Log in

|

|

   Rhubarb is arguably one of the most delicious joys of summer and fall, and one of the most anticipated harbingers of spring. Easy to freeze, you can enjoy it while the snow falls, too. Best of all, the slender red and green stalks contain a singular set of nutrients that make it a healthy vegetable.

 

  In fact, we owe a debt of gratitude to ancient Chinese folk medicine for the background work on rhubarb cures and remedies that today's scientist have substantiated and expanded on: fiber for ease in digestion, vitamin K for healthy bone growth and neuron function in the brain, natural antioxidation from vitamins C and A, as well as anti-infection properties, healthy skin, mucous membranes, vision, and potential cancer protection.

  Other vitamins, minerals, and phytonutrients in rhubarb, including outstanding amounts of calcium, offer essential support and optimal health benefits throughout the body, making this food much more than just a great dessert.

 

Health benefits:

Rhubarb is one of the least calorie vegetables. 100 g fresh petioles provide just 21 calories. Nonetheless, it contains some vital phyto-nutrients such as dietary fiber, poly-phenolic anti-oxidants, minerals, and vitamins. Further, its petioles contain no saturated fats or cholesterol.

While many believe milk is the best calcium source, one cup of cooked rhubarb contains just as much, and it's actually much better for you. In fact, rhubarb is on the short list with salmon and spinach for the highest amounts of calcium it provides.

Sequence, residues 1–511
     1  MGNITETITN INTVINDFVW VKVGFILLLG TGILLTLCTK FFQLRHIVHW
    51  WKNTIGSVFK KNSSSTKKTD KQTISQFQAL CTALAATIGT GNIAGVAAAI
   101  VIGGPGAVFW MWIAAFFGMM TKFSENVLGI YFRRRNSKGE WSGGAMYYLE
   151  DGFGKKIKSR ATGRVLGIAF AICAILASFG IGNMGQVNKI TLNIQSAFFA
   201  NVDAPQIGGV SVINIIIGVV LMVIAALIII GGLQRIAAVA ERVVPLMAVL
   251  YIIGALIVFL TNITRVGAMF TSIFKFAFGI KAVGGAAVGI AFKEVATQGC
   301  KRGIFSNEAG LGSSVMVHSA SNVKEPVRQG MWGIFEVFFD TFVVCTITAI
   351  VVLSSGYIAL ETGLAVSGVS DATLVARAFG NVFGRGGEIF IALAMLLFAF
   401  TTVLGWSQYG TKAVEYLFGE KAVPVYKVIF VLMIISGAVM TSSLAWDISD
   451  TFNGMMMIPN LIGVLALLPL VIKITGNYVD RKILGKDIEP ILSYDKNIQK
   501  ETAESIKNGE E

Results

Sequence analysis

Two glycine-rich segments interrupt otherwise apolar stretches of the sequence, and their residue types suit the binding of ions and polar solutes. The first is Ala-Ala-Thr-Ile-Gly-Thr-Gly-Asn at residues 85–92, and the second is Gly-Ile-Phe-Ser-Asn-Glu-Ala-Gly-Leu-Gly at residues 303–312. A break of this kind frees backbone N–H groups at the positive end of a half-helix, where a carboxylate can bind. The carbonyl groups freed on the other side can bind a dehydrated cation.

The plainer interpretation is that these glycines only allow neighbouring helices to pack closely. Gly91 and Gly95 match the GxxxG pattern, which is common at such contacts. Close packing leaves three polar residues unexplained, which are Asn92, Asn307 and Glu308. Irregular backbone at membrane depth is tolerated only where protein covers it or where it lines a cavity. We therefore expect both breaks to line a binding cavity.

The stalks are rich in several B-complex vitamins such as folates, riboflavin, niacin, vitamin B-6 (pyridoxine), thiamin, and pantothenic acid.

Red color stalks contain more vitamin A than in the green varieties. Further, the stalks also contain small amounts of poly-phenolic flavonoid compounds like β-carotene, zea xanthin, and lutein. These compounds convert to vitamin A inside the body and deliver same protective effects of vitamin A on the body. Vitamin A is a powerful natural anti-oxidant and is required by the body for maintaining the integrity of skin and mucus membranes. It is also an essential vitamin for healthy eye-sight. Research studies suggest that natural foods rich in vitamin A help the body protects against lung and oral cavity cancers.

As in other greens like kale, spinach etc., rhubarb stalks also provide good amounts of vitamin-K. 100 g of fresh stalks provide 29.3 µg or about 24% of daily recommended intake of this vitamin. Vitamin K has a potential role in bone health by promoting osteotrophic (bone formation and strengthening) activity. Adequate vitamin-K levels in the diet help limiting neuronal damage in the brain; thus, has established role in the treatment of Alzheimer's disease.

Its stalks also contain healthy levels of minerals like iron, copper, calcium, potassium, and phosphorus. However, most of these minerals do not absorb into the body as they are subject to chelating into insoluble complexes by oxalic acid, and excreted out from the body.

 

 

(nutrition-and-you.com)

 

Contact us: info@figurefriends.eu   -   User conditions and information
Recieve our news to your inbox for free

E-mail: